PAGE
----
Behavior – Dominant Behavior in Male dogs

Dear Yourownvet,

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DOMINANT BEHAVIOR IN MALE DOGS

We have 2 dogs, a male English bulldog entire and a spayed English Staffordshire bull terrier bitch. Whenever the bulldog sees another dog smaller than him whether with or without the  female staff being present, he behaves in a very odd manner. He makes strange  noises but not what you would  call aggressive.  He is  obviously very suspicious and mistrustful of the other dog and displays a kind of anxious attitude. He then smells the staffs behind as though he is fearful of her being covered by the other dog..! As I said this can happen with or without the Staffie being there.

We want to show the Bulldog as he a very fine specimen, but are very uncertain of his behaviour at a show. It has been suggested that we need to introduce another dog which is dominant over him. In this case I suppose larger, to get him used to being the underdog, sorry  no pun intended…!  What would your view be?
I should add that they are very close and lie next to each other all the time and hate being separated.

Hope you can help

 

Regards,

 

Mike

Dominant behavior in male dogs

 

Hi Mike,

Your mail was forwarded to me by the vet, and thank you for contacting us about your problem with your Bulldog. Dominant behavior in male dogs is very common.
You do not say what age the Bulldog is, but you do mention that he is not neutered. This is one of the problem areas.
An un-neutered male will always have that extra rush of testosterone racing through his body and particularly when other dogs come near. I am also not sure if your dog has been to some sort of socialization and training classes where he would have met other dogs, and learnt the correct way to behave around them.
If he has not been socialized, then meeting other dogs as an entire male will cause a higher level of testosterone and stress within him. Even without socialization, he will become more heightened in the presence of other dogs, especially males.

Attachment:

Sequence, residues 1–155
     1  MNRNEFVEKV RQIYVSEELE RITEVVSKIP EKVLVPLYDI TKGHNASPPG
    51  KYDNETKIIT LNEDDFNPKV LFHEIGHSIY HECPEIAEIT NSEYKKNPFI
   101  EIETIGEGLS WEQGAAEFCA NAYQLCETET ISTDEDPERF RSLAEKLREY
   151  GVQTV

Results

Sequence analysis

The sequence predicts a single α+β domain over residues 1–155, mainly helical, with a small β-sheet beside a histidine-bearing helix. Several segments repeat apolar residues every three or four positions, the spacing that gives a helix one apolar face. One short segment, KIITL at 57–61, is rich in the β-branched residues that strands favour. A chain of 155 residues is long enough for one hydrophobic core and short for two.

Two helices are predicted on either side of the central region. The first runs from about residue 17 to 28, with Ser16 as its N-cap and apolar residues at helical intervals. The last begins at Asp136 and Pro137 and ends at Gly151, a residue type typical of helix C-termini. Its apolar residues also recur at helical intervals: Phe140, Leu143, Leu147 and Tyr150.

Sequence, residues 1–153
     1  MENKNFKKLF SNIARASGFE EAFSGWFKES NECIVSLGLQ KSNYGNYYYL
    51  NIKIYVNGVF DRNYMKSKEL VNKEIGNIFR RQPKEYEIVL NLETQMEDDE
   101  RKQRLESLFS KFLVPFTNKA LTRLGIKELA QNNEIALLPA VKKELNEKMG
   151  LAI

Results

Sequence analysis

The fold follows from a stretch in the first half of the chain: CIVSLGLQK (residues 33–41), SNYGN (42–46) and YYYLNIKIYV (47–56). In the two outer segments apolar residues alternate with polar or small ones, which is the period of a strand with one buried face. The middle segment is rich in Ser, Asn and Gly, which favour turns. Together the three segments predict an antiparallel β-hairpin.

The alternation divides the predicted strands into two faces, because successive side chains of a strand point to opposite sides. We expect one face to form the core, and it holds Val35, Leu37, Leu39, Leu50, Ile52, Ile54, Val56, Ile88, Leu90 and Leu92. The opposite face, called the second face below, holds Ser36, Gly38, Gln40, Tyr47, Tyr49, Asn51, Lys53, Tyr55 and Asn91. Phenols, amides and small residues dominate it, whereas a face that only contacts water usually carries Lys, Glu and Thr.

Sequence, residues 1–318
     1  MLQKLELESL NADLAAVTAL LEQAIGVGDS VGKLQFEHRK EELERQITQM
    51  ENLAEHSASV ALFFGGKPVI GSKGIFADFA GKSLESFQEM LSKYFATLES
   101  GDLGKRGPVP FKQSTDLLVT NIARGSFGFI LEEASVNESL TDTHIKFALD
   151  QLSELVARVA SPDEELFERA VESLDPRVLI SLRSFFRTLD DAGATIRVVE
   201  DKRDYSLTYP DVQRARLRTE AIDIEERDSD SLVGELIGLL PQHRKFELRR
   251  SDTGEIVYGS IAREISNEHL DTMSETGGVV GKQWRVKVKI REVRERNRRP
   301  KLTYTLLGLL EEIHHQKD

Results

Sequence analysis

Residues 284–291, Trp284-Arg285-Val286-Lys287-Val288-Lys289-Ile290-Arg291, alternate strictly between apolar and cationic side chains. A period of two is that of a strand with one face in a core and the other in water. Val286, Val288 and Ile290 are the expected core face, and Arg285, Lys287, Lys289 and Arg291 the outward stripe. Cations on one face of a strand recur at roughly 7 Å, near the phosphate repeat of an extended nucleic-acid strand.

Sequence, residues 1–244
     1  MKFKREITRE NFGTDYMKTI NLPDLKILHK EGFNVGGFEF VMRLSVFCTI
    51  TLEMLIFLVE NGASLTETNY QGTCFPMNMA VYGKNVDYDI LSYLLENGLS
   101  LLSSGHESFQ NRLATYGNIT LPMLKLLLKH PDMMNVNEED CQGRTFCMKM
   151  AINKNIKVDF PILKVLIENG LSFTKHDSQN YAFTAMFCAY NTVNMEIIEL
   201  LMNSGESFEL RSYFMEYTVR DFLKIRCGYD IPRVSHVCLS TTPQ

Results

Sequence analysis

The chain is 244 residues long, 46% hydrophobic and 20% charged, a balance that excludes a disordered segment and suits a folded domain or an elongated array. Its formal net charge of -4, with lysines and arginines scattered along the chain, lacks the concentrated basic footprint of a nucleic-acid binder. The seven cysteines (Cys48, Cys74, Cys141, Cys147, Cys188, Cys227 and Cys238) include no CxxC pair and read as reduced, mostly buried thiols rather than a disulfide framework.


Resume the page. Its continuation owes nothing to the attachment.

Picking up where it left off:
Bulldogs have a very distinctive way of vocalizing, and it can become louder and more intense in the presence of other dogs. It is the excitement, testosterone and stress. Unfortunately, in many cases this is miss-read by the other dogs and can cause a problem and even a fight to occur, especially with two un-neutered males.
He needs to learn how to calm down in the presence of other dogs – however, this is going to be difficult with an entire male.  You also mention that you want to show this dog, but certainly if he shows aggression you will be thrown out of the ring.
I DO NOT AGREE one bit that he needs a larger dog to dominate over him. This would be very dangerous as you will only raise his level of aggression when he tries to defend himself.  Most male, entire Bulldogs will not stand down. I can only see a huge fight and expensive vet bills.
I would also not suggest that you add a third dog to your home – your two are very happy together and bringing in another dog will throw out the balance -if it is a male then the two males would fight, and if it is a female then the two females could fight.
It is very difficult to give more advice as I haven’t see your dog and the behaviour. I am not sure where you live, but I suggest that you contact an animal behaviourist who would be able to see the dog and assess this behaviour and give your more guidelines to work on.

Regards,

Kathy Clayton

Chairman of the ABC of SA (Animal Behaviour Consultants of SA)
Accredited Companion Animal Behaviourist &Professional Dog Trainer

www.yourownvet.com
011 783 3042   082 454 1750
kcdogs@global.co.za
www.kcdogschool.co.za
http://www.kcdogs.stemtechbiz.com

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